Pence touts 'most generous system of legal immigration' during naturalization ceremony
By Betsy Klein, CNN
"All of you aspired to be Americans," Pence said during remarks at the National Archives on Thursday morning. "You stepped forward. You followed the law. You went through the process to immigrate into this great nation."
He continued, "The 44 of you and your families are hardly alone. Last year, more than three-quarters of a million people raised their right hand and swore the very same oath that you just took. Your example and theirs gives evidence that then as now, and throughout our nation's history, America has the most generous system of legal immigration in the history of the world and we are proud to have you join our ranks."
Transportation Secretary Elaine Chao, an immigrant herself, briefly spoke about her family's experience coming to the United States from Taiwan and receiving her own citizenship. Acting Director of Citizenship and Immigration Services Ken Cuccinelli performed the swearing-in ceremony.
President Donald Trump, who will commemorate the Fourth of July with "Salute to America" remarks Thursday evening on the National Mall, spent the morning at his Northern Virginia golf club.
The 44 new citizens hailed from 26 countries and included an electrician, a banker, a college counselor and an Uber driver, per Pence, who acknowledged the "challenges" of the US immigration system.
"Now as fellow Americans, you'll be a part of many debates in the life of this nation, including debates over immigration in America. And we all know that our current system of immigration faces real challenges," the vice president said, adding, "But to those of you who step forward today, who made the sacrifices and went through the process, let me say on behalf of President Donald Trump and on behalf of the American people, welcome to the American family."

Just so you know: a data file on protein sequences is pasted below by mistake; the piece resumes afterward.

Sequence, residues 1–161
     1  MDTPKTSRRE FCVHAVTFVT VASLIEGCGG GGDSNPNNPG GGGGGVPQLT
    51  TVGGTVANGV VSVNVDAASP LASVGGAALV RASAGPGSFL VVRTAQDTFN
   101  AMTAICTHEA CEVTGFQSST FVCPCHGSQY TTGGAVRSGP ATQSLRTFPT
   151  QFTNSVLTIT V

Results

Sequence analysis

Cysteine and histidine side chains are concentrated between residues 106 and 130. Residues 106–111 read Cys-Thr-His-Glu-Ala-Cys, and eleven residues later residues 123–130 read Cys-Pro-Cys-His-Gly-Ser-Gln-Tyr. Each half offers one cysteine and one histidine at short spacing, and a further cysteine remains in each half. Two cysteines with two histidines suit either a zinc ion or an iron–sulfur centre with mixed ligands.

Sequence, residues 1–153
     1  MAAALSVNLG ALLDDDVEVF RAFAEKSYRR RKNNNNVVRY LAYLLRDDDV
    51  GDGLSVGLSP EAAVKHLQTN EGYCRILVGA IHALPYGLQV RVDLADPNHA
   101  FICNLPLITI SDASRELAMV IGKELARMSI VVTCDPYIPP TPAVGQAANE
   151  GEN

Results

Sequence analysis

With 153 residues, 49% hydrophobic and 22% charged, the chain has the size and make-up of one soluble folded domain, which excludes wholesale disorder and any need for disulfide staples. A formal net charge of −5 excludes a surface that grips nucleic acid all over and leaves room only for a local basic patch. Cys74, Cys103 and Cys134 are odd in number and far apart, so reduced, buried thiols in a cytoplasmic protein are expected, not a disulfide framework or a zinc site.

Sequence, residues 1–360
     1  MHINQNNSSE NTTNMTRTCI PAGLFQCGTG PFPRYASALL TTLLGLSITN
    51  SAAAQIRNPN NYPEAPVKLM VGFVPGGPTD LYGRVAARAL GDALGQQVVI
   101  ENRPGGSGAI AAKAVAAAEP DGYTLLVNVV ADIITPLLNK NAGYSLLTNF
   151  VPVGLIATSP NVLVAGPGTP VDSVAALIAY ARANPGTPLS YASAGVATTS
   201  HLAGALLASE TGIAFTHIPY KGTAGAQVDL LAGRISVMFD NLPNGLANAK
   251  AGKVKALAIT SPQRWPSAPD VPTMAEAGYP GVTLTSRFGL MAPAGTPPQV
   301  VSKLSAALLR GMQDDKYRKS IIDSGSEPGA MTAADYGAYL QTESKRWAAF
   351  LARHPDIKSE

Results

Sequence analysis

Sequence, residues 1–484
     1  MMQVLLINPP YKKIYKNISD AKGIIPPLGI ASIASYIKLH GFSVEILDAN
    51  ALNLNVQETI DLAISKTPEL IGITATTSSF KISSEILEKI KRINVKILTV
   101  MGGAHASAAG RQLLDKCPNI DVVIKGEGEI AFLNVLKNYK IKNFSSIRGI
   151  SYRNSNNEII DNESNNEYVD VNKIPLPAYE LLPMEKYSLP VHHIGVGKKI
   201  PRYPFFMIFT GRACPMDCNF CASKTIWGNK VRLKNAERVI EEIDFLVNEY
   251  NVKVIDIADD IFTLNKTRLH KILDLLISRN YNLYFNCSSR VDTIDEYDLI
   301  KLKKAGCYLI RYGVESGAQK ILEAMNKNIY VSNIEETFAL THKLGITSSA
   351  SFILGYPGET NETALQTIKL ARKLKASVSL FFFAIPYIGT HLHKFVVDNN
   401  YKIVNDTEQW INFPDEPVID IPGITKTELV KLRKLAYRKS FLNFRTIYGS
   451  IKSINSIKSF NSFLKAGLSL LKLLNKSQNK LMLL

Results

The ceremony came a day after the administration reversed course on adding a citizenship question to the 2020 census. Justice Department lawyers told a federal judge Wednesday that they have been told to try to add the question in a way that's consistent with a Supreme Court ruling following Trump's tweet that "we are absolutely moving forward" with the question.
On Wednesday, the President tweeted a defense against reports of inhumane conditions, extreme overcrowding and thinly stretched resources at Border Patrol facilities, claiming that migrants seeking asylum who were subjected to these conditions "are living far better now than where they came from."
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